- Dry the leaf by keeping it wrapped in a paper towel for one day, then dunk it in rooting hormones. Lastly, push it gently into the soil such that it is not completely buried in it.
- Take the pot to a warm and humid area like your washroom. Make sure it soaks in abundant indirect sunshine.
- In three to four weeks, new plantlets will begin to sprout from your leaf cutting. This will be an indication for you that your propagation has been successful.
Some common problems with this plant that new carers experience are either a lack of adequate light or exposure to too much light. Over-fertilizing is another problem that we often see happening with this plant.
Learn how to solve all these problems below.
– Plant Not Flowering
These plants are renowned for flowering all year round with each bloom lasting a good two to three months. That’s why it is a sign of trouble if your plant suddenly stops flowering.
There are two main reasons why this might be happening. One is low light conditions and the other is exposure to temperatures below 60 degrees Fahrenheit. Move your plant to a brighter, warmer place in the house and watch it resume its flowering.
– Bleached Out Leaves
Exposure to direct sunlight almost always leads to leaves losing their green color and assuming a bleached, washed-out appearance. This is followed by leaves becoming papery and yellow.
This is your cue to relocate the plant to a more shaded location or install a curtain over nearby windows. Unfortunately, the leaves that have been sunburnt cannot be saved and will need to be pruned, but you will get to save the rest of the plant at least.
– Decreased Flowering With Dark Leaves
While nitrogen is an essential nutrient for the growth of the plant, over-fertilizing with a nutrient-rich fertilizer is also not a good idea. A build-up of nitrogen in the soil suppresses flowering and causes the leaves to become deeper green than usual.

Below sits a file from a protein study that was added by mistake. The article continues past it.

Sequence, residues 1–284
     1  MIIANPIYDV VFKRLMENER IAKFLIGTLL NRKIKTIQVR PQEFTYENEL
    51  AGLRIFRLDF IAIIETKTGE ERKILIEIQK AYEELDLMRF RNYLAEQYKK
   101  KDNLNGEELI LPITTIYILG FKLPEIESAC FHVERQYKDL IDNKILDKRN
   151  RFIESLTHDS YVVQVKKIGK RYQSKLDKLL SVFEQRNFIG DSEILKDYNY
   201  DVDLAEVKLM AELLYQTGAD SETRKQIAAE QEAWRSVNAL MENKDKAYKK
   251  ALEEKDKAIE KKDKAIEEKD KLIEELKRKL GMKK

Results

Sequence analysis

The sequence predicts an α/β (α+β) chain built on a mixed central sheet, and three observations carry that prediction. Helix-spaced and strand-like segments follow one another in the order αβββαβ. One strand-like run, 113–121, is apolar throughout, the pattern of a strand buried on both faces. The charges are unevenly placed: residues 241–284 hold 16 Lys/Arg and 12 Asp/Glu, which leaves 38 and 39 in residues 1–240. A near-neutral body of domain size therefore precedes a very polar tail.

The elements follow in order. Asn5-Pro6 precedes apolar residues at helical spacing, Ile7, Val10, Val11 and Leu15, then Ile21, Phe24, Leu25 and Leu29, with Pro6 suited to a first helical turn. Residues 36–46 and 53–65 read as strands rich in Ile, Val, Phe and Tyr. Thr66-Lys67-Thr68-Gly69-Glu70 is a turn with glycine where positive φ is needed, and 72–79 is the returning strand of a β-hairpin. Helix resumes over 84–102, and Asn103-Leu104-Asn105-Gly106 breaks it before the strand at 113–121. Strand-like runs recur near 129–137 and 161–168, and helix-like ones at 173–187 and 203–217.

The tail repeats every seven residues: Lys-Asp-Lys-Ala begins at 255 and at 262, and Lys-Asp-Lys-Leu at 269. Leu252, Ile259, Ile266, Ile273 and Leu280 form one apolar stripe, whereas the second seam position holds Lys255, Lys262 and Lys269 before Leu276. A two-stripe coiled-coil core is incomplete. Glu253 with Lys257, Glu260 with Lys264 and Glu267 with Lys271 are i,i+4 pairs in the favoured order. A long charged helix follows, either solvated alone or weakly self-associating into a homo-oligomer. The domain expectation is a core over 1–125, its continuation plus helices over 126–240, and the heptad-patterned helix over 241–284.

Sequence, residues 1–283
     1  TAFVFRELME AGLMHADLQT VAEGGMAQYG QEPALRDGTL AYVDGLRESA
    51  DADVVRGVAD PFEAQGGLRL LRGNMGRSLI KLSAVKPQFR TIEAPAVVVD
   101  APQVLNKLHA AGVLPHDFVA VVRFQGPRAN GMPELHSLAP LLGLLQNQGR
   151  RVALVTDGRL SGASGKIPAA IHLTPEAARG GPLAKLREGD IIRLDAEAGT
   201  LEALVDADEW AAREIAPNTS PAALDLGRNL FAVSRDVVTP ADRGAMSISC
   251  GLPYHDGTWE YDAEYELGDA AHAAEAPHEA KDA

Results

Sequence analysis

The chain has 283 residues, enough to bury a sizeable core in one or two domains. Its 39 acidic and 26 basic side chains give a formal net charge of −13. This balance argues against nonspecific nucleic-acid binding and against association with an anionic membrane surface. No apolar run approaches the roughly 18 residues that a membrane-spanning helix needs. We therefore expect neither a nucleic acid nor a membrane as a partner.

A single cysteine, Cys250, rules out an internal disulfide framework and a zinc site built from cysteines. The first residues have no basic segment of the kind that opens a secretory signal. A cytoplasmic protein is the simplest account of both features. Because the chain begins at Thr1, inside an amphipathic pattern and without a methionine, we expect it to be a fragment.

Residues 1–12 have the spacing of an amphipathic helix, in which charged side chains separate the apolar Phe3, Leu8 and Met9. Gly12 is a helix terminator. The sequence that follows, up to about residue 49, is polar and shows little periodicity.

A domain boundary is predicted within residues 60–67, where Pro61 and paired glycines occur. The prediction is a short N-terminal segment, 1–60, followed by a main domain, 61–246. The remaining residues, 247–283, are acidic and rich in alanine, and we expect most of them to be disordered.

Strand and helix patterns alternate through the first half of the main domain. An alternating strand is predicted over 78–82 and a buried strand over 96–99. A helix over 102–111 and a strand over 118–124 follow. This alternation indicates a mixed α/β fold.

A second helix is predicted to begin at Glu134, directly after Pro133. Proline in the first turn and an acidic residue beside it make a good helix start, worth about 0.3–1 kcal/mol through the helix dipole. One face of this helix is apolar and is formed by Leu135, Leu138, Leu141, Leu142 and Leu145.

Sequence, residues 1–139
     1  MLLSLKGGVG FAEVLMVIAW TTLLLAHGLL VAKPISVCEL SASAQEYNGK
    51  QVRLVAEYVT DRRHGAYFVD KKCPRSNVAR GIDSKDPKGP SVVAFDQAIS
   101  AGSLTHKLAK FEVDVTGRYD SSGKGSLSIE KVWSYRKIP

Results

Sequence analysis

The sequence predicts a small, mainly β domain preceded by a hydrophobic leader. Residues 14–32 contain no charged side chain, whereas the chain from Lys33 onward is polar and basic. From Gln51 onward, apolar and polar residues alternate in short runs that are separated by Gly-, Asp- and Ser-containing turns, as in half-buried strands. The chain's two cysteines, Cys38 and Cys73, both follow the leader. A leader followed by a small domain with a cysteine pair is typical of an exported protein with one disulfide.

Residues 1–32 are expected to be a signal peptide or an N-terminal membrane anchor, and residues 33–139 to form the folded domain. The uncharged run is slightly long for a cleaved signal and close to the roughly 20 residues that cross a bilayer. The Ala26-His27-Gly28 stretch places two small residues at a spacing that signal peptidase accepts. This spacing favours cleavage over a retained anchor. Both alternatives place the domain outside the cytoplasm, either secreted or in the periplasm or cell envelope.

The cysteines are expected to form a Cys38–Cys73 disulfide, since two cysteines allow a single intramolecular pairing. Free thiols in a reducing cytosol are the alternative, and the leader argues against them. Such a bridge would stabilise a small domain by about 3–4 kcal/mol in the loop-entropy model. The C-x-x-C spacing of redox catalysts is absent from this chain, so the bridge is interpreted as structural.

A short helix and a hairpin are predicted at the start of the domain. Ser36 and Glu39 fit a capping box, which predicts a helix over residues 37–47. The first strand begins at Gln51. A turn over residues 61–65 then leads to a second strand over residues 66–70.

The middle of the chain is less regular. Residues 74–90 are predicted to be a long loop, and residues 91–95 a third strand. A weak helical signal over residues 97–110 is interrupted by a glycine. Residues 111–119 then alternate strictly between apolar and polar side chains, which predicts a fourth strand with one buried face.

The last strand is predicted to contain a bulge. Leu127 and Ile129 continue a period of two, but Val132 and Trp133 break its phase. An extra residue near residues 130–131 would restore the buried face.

Deepwater your plant to flush out the buildup of nitrogen from the soil. Resume a suitable fertilizing regime and don’t forget to always dilute the fertilizer before using it.
Do Variegated African Violet prefer morning or afternoon sun?
Variegated African Violets prefer morning sun and filtered afternoon shade.
Can Variegated African Violet revert?
Yes, Variegated African Violets can revert to solid green leaves due to stress or mutation.
What is the proper way to water Variegated African Violet?
Water Variegated African Violets thoroughly but allow the soil to dry slightly between watering to prevent root rot. Avoid getting water on the leaves.
We have covered lots of ground on this variegated plant. It is time to retrace our steps to the most pertinent points.
- This African variegated violet plant needs a bright, warm, and moderately humid space to grow prosperous.
- You can propagate it by using seeds, but it’s better if you go for the leaf cutting route.
- Over-fertilizing and low light will suppress the bloom of this plant.
- Keep in a shaded place away from direct sunlight to avoid bleached-out leaves.
With our comprehensive care guide, we are pretty sure you cannot go wrong with these plants. Only five minutes out of your daily routine and you will have the most exuberant bloom at hand!